Identification of Black Medic Weed
Black medic (Medicago lupulina) is considered an annual clover (but is not part of the clover genus). It has the teardrop-shaped leaves that are often found on clovers but, unlike other clovers, has yellow flowers. It is normally an annual, but in some warmer areas it can survive for several years before dying.
Like many clovers, the leaves grow in groups of three and are oval shaped. Small pom-pom like yellow flowers will bloom off stems that grow off of the stem of each group of leaves.
How to Get Rid of Black Medic
Before you start spraying chemicals or getting on your hand and knees to remove black medic, you should first understand the conditions that black medic weed likes to grow in. Black medic grows in compacted soil. This is why you most commonly find it growing by the roadside or next to sidewalks, where soil has been compacted by wheel and foot traffic.
If you find it in the middle of your lawn or flower bed, you may be able to get rid of black medic for good simply by correcting your over compacted soil. In other words, black medic weed is an indicator that your soil has problems.
You can correct compacted soil by using a machine to aerate the soil or by amending the soil with additional organic material. Oftentimes, just taking steps to aerate the soil will not only remove black medic but will result in a healthier lawn and flower bed.
If mechanical aeration or amending the soil is not possible or does not fully succeed at getting rid of black medic, you can fall back on more traditional methods of weed control.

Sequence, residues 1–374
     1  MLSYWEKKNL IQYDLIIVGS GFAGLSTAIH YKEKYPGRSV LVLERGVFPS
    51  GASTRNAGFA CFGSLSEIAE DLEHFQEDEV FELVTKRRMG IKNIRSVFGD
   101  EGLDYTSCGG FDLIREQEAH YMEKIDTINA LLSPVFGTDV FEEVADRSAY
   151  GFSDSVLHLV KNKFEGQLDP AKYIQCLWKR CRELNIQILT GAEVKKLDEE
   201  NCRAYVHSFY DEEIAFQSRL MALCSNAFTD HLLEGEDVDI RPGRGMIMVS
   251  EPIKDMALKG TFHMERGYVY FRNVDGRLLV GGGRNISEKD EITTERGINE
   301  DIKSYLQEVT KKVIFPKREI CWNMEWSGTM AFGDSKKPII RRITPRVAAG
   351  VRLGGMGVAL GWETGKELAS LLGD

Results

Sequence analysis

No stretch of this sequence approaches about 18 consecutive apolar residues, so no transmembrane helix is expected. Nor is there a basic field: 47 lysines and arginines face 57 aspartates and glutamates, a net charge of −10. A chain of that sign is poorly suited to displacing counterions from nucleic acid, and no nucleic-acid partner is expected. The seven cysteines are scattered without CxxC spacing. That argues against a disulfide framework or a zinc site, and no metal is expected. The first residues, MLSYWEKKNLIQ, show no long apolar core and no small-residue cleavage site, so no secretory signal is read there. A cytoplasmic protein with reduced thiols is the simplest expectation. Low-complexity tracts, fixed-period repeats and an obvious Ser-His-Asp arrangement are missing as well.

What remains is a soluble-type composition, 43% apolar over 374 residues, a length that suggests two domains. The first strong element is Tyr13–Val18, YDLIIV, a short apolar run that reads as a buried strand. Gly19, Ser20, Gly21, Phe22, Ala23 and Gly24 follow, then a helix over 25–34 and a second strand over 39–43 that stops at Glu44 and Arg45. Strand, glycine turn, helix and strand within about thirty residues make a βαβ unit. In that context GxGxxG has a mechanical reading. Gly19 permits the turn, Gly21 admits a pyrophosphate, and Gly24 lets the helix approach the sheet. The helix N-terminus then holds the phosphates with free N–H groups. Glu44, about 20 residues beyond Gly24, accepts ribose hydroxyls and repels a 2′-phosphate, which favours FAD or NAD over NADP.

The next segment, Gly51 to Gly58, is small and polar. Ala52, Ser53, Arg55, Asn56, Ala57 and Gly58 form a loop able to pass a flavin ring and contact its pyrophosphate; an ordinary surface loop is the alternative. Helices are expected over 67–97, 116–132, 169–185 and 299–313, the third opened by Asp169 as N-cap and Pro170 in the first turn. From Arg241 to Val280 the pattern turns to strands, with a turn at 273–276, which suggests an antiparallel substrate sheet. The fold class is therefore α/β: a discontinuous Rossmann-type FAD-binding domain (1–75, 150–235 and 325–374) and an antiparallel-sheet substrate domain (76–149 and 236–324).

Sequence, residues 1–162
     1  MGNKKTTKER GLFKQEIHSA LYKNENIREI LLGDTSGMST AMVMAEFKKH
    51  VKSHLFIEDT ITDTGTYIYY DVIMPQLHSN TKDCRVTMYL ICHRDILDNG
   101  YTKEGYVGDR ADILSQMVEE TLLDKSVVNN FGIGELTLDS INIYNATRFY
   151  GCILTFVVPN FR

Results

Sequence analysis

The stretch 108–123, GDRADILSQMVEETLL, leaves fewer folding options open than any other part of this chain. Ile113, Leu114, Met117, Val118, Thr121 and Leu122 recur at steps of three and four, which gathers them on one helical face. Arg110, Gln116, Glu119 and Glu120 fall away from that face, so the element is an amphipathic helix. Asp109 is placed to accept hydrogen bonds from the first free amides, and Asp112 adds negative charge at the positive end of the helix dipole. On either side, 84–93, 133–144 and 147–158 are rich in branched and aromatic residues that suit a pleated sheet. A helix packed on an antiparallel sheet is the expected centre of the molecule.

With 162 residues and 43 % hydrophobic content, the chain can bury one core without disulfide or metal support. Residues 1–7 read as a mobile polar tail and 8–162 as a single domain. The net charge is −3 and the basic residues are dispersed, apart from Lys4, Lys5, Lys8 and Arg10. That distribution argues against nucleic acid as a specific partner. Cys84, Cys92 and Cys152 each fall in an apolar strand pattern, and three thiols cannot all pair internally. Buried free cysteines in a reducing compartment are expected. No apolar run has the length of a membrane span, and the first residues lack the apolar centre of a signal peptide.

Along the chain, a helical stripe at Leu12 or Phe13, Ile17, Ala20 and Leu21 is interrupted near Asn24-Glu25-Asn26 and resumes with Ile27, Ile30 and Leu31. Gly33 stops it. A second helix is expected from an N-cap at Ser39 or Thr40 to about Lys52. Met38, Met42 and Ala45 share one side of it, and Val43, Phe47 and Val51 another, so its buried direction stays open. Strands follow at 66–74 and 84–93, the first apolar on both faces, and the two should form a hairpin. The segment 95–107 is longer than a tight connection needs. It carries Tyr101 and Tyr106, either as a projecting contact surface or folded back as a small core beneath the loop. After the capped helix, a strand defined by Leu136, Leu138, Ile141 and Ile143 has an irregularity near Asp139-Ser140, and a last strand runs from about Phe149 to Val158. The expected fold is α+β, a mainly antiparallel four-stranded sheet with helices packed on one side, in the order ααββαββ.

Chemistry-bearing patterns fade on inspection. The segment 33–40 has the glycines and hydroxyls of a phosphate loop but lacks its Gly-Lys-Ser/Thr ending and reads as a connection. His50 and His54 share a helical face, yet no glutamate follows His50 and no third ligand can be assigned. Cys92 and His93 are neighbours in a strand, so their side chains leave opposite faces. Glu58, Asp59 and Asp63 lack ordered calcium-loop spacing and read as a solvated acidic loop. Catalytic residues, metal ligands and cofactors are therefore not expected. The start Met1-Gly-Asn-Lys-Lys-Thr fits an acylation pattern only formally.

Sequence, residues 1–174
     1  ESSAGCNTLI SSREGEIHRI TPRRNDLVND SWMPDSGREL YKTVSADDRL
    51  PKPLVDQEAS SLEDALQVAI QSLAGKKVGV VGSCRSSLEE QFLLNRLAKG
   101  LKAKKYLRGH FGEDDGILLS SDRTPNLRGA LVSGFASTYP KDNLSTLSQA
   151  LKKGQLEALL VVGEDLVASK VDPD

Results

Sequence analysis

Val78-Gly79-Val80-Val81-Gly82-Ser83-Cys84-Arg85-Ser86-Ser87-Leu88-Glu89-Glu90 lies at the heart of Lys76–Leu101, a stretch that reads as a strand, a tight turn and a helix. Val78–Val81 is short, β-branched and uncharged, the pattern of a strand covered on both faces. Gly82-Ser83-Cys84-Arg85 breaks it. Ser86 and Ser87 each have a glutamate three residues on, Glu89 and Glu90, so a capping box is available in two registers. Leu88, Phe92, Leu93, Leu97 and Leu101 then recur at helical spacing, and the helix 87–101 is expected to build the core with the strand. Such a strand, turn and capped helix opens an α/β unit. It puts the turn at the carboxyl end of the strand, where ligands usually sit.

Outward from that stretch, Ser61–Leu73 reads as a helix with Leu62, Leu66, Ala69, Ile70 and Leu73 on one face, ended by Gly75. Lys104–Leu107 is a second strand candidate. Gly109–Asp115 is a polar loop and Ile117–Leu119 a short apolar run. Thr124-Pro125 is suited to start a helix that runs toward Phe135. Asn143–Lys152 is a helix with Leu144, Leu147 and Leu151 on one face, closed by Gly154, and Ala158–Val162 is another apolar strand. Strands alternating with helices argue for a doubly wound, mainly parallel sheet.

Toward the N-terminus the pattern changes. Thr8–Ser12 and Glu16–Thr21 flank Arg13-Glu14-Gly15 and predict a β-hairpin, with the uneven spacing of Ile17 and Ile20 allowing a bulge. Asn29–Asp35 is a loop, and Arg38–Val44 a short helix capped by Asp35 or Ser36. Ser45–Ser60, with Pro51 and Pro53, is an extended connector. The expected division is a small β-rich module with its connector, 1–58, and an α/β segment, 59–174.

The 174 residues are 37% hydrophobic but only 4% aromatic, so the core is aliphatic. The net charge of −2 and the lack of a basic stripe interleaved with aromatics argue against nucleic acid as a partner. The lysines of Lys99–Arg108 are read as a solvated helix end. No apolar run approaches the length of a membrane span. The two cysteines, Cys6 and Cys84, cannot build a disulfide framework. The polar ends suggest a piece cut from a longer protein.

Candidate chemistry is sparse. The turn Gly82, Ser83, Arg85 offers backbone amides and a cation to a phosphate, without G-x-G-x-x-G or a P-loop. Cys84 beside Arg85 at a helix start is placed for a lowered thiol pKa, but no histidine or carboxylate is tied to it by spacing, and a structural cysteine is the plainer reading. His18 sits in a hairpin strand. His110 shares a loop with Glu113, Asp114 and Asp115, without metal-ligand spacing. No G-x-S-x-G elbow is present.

On the organic side, you can use manual pulling for black medic control. Since the plant grows from a central location, hand weeding black medic can be very effective and remove it from large areas in a short time.
On the chemical side, you can use non-selective weed killers to kill black medic. Please be aware that non-selective weed killers will kill any plant that they come in contact with and you should be careful when using it around plants you wish to keep.
Note: Chemical control should only be used as a last resort, as organic approaches are safer and much more environmentally friendly.
Black Medic (or Yellow Trefoil)
Cultural control: Some annual weeds can be controlled by mowing, yellow trefoil tolerates mowing because of its low growing habit. Reduce compacted soils by aerating at least once a year and then follow that up by overseeding to fill in bare and thin areas.
Remove the weed before it produces seeds: Control of black medic starts by reducing seed populations – its seeds remain viable several years.
Hand weeding: Hand pulling helps reduce infestations.
Chemical control: Use a pre-emergent herbicide in the spring to prevent weed seed germination. Pre-emergents are especially effective in areas were black medic was a problem the previous year.
Broadleaf herbicides work best when applied in early spring or fall when the plant is young and actively growing. Products that contain 2,4-D, MCPP, dicamba, clopyralid or triclopyr as an active ingredient can successfully control the plant and work better than 2,4-D applied alone.
Glyphosate (roundup) is non-selective and can also be used to kill yellow trefoil in landscape beds, and along curbs, sidewalks and driveways.
Vinegar-based (20% acetic acid) and Citric Acid herbicides are considered a natural organic weed killer. They can be used as a non-selective herbicide in place of glyphosate and will kill annual weeds.
Stems: The prostrate stems are angled, slender and hairy. They branch and spread along the ground from the taproot.
Leaves: Green, compound leaves with three oval-shaped leaflets up to 1/2 inch long, arranged alternate along the stem. The leaflets have toothed margins and a small point on the tip. The center leaflet is on a short stalk, while the lateral leaflets are attached to the petiole.
Flowers: Small, round, bright yellow flowers in clusters that are about 1/2 inch long.